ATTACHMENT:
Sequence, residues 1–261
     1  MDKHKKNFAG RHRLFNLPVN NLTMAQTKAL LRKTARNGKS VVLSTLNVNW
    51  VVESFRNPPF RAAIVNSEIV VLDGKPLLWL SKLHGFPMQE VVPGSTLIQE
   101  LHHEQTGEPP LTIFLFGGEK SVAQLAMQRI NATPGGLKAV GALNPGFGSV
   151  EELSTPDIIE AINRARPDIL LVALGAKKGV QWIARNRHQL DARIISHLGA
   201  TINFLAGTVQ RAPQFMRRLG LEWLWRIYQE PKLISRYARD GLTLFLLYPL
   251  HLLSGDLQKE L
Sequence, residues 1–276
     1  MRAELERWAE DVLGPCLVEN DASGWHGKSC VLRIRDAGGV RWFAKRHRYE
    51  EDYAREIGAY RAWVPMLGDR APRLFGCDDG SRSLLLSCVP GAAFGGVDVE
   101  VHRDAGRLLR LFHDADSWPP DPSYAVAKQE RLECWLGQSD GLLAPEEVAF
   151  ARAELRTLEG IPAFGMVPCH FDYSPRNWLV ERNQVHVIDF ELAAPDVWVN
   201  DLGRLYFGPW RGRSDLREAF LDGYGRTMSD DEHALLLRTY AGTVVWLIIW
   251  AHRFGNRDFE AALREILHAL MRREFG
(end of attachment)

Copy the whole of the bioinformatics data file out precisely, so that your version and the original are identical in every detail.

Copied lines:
Sequence, residues 1–261
     1  MDKHKKNFAG RHRLFNLPVN NLTMAQTKAL LRKTARNGKS VVLSTLNVNW
    51  VVESFRNPPF RAAIVNSEIV VLDGKPLLWL SKLHGFPMQE VVPGSTLIQE
   101  LHHEQTGEPP LTIFLFGGEK SVAQLAMQRI NATPGGLKAV GALNPGFGSV
   151  EELSTPDIIE AINRARPDIL LVALGAKKGV QWIARNRHQL DARIISHLGA
   201  TINFLAGTVQ RAPQFMRRLG LEWLWRIYQE PKLISRYARD GLTLFLLYPL
   251  HLLSGDLQKE L
Sequence, residues 1–276
     1  MRAELERWAE DVLGPCLVEN DASGWHGKSC VLRIRDAGGV RWFAKRHRYE
    51  EDYAREIGAY RAWVPMLGDR APRLFGCDDG SRSLLLSCVP GAAFGGVDVE
   101  VHRDAGRLLR LFHDADSWPP DPSYAVAKQE RLECWLGQSD GLLAPEEVAF
   151  ARAELRTLEG IPAFGMVPCH FDYSPRNWLV ERNQVHVIDF ELAAPDVWVN
   201  DLGRLYFGPW RGRSDLREAF LDGYGRTMSD DEHALLLRTY AGTVVWLIIW
   251  AHRFGNRDFE AALREILHAL MRREFG